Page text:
That's it. I was wondering what is the difference between a riff and a lick.

The Wikipedia page for lick is somewhat confusing-- what do you think?

5 Answers 5


A riff is thematic. It serves as the main musical idea for a (section of a) song. Often it's repeated and developed, sometimes with variations, sometimes in different keys, but always recognizable as the same main musical idea. Because a riff is a main theme for a song, it often becomes inextricably associated with that song---if you heard the riff out of context (say, someone trying out guitars in Guitar Center), you'd associate it with the song. Think "Kashmir", "Smoke On The Water", or "Smells Like Teen Spirit". If the song is a hit, the riff becomes quotable, and anyone else who plays the riff is making an allusion to the original song.

A lick is musical idea, too, but often it's incomplete. It might be a fragment of a solo or a portion of a riff. By itself, it doesn't usually become thematic---in fact, a lick that forms a theme essentially becomes a riff. A lick combines with other licks to form a complete musical idea. Because a lick isn't the main theme, it doesn't have that same association with the song, and so it's transferable: it can be used in other songs without necessarily having to allude to the original.

Here's are a few examples of what I mean:

  • The blues is full of standard licks. Take, for example, the first lick played by Stevie Ray Vaughan in "The Sky Is Crying" and compare it to the lick Hendrix plays in "Red House" (@ 2:14). It's practically the same, but because it's not thematic, it's more an indicator of style than a direct musical quote. You can play this lick whenever you want and no one will think you're quoting Hendrix. At most, they'll think you've listened to a lot of Albert King.
  • "This Charming Man" by The Smiths opens with a lick that, because it forms the main musical idea of the song, is also a riff. If you play this riff, people will assume you're quoting Johnny Marr (and they'll be impressed, possibly with themselves).
  • "Black Dog" by Led Zeppelin also uses a great lick as its main riff. They play it in different keys, but it's still recognizably the same idea. You could imagine that melodic fragment as part of a solo, but by using it as the foundation of the song, Led Zeppelin makes it a riff. I could see someone playing this at the end of their solo, and I'd think it was both clever and funny.
  • The beginning of Clapton's solo in "Sunshine of Your Love" (@ 2:02) is a lick, but because it's also recognizably the riff from "Blue Moon", it becomes a quote.

FWIW, I disagree with the idea that licks are necessarily single-note phrases. For example, check out Joe Pass's solo in Sarah Vaughan's "I've Got The World On A String"--- the lick I'm referring to comes at 3:01. It's chordal, but still very much a (delicious) lick.

My point is that the difference between a riff and a lick has more to do with the roles they each play in the song than whether or not they involve chords.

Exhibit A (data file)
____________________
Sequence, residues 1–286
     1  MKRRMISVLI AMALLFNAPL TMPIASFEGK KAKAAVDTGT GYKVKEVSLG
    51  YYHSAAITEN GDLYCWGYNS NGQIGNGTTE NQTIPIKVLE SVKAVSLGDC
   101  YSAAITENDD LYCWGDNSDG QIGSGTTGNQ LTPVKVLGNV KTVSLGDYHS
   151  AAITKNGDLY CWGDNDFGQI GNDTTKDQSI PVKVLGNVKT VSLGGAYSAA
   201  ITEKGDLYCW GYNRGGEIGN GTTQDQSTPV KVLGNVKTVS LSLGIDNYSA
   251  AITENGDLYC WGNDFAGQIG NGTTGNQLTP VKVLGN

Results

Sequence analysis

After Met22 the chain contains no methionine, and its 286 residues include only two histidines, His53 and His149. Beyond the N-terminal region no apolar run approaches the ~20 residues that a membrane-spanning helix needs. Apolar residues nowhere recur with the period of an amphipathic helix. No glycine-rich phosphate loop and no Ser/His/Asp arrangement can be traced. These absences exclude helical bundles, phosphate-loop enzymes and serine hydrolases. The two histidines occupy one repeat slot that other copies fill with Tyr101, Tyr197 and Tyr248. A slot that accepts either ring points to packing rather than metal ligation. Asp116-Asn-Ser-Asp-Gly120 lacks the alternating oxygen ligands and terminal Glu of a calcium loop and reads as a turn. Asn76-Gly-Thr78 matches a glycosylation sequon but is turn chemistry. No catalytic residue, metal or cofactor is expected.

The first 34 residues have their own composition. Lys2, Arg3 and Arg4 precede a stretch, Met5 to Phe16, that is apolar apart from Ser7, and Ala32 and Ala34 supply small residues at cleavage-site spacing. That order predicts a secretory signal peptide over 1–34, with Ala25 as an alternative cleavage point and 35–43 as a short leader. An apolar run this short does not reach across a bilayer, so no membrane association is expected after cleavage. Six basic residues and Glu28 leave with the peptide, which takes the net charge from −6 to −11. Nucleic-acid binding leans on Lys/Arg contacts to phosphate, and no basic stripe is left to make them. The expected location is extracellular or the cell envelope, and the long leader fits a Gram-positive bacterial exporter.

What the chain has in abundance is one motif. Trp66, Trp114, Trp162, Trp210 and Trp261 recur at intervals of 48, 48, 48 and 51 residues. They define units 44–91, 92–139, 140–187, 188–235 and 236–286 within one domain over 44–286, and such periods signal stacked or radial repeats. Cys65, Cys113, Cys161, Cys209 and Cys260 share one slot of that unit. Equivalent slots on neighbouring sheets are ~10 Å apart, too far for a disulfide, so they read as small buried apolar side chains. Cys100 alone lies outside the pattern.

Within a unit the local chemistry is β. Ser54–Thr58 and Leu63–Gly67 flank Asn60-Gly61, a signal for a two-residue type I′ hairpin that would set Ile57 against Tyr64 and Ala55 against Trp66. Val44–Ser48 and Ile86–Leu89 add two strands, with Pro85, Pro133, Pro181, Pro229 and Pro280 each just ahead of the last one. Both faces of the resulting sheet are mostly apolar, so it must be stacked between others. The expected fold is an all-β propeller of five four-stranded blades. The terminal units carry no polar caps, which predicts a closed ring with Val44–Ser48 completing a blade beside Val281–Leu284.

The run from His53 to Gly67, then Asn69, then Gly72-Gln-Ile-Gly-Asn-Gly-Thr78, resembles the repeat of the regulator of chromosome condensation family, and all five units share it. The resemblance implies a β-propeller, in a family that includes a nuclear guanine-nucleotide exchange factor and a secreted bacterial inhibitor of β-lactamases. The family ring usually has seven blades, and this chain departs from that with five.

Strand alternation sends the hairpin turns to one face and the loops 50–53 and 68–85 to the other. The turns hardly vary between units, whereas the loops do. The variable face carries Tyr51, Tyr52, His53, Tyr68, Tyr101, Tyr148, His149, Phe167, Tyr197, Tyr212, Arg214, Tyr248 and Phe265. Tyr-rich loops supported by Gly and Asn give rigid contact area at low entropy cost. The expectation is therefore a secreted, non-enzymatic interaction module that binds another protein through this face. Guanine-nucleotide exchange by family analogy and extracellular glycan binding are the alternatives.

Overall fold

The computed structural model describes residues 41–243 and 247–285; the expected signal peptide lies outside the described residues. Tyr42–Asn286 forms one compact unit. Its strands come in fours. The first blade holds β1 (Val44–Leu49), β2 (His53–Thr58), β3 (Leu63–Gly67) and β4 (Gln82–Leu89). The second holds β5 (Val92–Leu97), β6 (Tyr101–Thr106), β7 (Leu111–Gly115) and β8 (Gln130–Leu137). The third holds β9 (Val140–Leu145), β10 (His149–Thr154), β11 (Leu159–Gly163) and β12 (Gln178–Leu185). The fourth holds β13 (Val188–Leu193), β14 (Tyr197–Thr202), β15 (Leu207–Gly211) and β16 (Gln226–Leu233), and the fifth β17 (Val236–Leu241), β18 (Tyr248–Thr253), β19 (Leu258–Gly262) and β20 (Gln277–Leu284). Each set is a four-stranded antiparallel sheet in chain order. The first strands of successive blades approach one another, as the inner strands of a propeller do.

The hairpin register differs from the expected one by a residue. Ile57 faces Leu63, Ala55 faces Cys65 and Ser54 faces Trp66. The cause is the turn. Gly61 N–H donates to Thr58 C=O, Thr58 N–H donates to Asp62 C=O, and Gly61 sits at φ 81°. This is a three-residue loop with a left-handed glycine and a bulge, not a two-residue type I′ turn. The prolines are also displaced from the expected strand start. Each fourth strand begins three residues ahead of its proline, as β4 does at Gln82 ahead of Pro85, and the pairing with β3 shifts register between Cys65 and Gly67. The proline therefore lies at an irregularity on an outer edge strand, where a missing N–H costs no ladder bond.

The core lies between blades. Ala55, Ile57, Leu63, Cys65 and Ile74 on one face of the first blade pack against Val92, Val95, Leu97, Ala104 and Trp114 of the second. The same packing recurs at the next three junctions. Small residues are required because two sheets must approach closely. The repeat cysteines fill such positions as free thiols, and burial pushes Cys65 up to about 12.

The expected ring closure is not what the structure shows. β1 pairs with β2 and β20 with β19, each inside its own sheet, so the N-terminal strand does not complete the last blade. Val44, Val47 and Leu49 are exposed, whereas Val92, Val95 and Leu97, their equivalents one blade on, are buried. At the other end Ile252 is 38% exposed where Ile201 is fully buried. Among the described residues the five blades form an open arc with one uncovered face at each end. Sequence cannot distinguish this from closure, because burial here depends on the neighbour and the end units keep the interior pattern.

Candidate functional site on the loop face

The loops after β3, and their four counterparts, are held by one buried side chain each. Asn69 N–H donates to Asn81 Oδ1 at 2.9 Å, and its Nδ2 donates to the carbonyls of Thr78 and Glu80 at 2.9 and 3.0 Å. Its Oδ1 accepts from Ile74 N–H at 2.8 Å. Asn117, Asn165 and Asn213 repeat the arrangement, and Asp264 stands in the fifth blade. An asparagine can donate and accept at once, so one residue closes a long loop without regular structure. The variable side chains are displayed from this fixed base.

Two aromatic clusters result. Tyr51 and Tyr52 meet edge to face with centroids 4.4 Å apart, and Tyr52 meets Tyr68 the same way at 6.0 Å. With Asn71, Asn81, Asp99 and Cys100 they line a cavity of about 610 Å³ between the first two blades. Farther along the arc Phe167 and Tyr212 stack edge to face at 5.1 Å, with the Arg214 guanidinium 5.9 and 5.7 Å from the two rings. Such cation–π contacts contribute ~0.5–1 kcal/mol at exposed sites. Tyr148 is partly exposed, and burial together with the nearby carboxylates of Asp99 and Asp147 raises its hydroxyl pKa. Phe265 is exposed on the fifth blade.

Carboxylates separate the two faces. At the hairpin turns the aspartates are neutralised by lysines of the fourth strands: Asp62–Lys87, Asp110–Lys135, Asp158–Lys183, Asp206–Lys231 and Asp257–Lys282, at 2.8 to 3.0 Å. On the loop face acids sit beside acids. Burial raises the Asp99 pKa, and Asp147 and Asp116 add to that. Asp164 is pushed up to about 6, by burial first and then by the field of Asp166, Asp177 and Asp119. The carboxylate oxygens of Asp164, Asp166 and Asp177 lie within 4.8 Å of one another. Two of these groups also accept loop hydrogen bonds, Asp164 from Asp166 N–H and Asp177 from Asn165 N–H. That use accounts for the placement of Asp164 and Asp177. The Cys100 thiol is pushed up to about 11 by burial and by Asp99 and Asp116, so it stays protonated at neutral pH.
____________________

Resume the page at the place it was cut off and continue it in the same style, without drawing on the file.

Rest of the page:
I doubt that this is an accepted difference, but I usually envision a riff as an integral part of a song, often repeated multiple times throughout the song. Could be individual notes mixed in with chords, or just individual notes, but it's an important part of the song, and you'd have to learn it to make the song sound correct.

A lick (again, in my definition) is, as Dr Mayhem said, something used in solos, used by experienced improvisers to give their solos structure, and by inexperienced improvisers to avoid having to make TOO many on-the-fly decisions. The bit differentiation in my mind is that a lick can be changed or removed from the overall work, and the work is still fundamentally the same. If you remove a riff from a song, it doesn't sound the same, and even a layperson may notice.


I think that the Wikipedia page you linked to has a nice simple summary:

"A lick is "a stock pattern or phrase" [2] consisting of a short series of notes that is used in solos and melodic lines and accompaniment."


"A lick is different from the related concept of a riff in that riffs can also include repeated chord progressions. Licks are usually associated with single-note melodic lines rather than chord progressions."

  • but in the Wikipedia page, the example in the right, is not a serie of notes, or am I reading it wrong?
    – F.C.
    Jun 9, 2012 at 15:52

I think that 'It smells like teen spirit' has caused a lot of confusion here. Leaving aside 'lick,' the opening chords of the Nirvana song are not a riff. It is simply the chordal base to the song even if it is instantly recognisable. I saw a UK BBC TV programme last week on riffs which included very few indeed. If you want riffs try Wishbone Ash. The idea that anything of the noodling Johnny Marr does is a riff contradicts the Smiths' whole aesthetic. Most classic riffs are very simple short (Dead Meadow for longer ones) pentatonic minor memorable phrases over one chord (like Voodoo Chile) usually doubled by the bass. Everything else is just guitar playing.

A rocker.


I would diffrentiate by calling a riff a musical idea usually in the lower register serving as a main part of the tune, usually single notes but not exclusively think about Mr. Brownstone. But definitely not all chords. For instance I would never call Smells Like Teen Spirit a riff. A lick is something more likely to be in the upper register as an augmentation to the main tune. Think of those high notes in the intro and verse part of back in black. The main diffrentiation though is whether its the main tune or not. The high vs low is just an accidental. For instance the low notes played in Back In Black are still licks and not riffs.

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